(5) Develop standardized mangrove monitoring programs as part of a regional mangrove-monitoring network. Provide training opportunities for in-country personnel to manage the mangrove-monitoring program, coordinate with a regional hub, and conduct monitoring techniques. Monitoring methods would include periodic delineation of mangrove margins.
(6) Assess efficacy of mangrove management frameworks and provide assistance to manage coastal activities to prevent unsustainable effects on mangroves and other coastal habitats, in part, to increase resilience to climate change effects, and plan for any landward mangrove migration in response to relative sea level rise.
(7) Augment regional capacity to rehabilitate mangroves. Establishing a regional mangrove monitoring network may enable many of the identified capacity building priorities to be fulfilled, and should be one of the highest regional priorities. Participating countries and territories could share technical and financial resources to maximize monitoring and conservation benefits through economy of scale. Assessing the efficacy of management frameworks to avoid and minimize adverse affects on mangroves and other valuable coastal ecosystems and plan for any landward mangrove migration is also critical. Ensuring that management frameworks are capable of eliminating and minimizing stresses that degrade mangroves is necessary to provide for mangrove resilience to anticipated stresses from sea level and other climate change effects. And managers will need the institutional capacity to plan for site-specific mangrove response to climate change effects, such as instituting setbacks from mangroves for new development for appropriate sections of coastline. However, management frameworks will only be effective if local communities and management authorities recognize the value of mangrove conservation. It is therefore also a priority to continually develop and augment a mangrove conservation ethic.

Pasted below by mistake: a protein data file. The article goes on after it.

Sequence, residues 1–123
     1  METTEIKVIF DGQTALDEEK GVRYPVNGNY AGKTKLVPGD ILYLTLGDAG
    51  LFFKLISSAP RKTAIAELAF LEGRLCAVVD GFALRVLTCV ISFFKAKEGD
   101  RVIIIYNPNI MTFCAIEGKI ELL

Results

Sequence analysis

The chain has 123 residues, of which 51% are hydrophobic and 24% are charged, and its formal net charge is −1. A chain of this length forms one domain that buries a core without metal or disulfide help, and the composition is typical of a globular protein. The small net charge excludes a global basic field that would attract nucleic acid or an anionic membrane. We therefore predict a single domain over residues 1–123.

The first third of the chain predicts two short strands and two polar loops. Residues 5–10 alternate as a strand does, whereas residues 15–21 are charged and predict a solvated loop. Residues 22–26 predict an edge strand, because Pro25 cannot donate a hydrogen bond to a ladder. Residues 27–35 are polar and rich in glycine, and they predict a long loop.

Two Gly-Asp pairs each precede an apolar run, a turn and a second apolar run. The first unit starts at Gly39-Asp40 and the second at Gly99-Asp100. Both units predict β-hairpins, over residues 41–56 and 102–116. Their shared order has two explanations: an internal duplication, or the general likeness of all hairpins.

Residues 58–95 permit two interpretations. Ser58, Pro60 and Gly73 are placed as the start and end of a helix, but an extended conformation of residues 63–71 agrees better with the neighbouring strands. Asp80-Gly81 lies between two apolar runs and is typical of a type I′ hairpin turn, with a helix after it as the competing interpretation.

The value of wetlands conservation is often underestimated, especially in less developed countries with high population growth and substantial development pressure, where short-term economic gains that result from activities that adversely affect wetlands are often preferred over the less-tangible long-term benefits that accrue from sustainably using wetlands.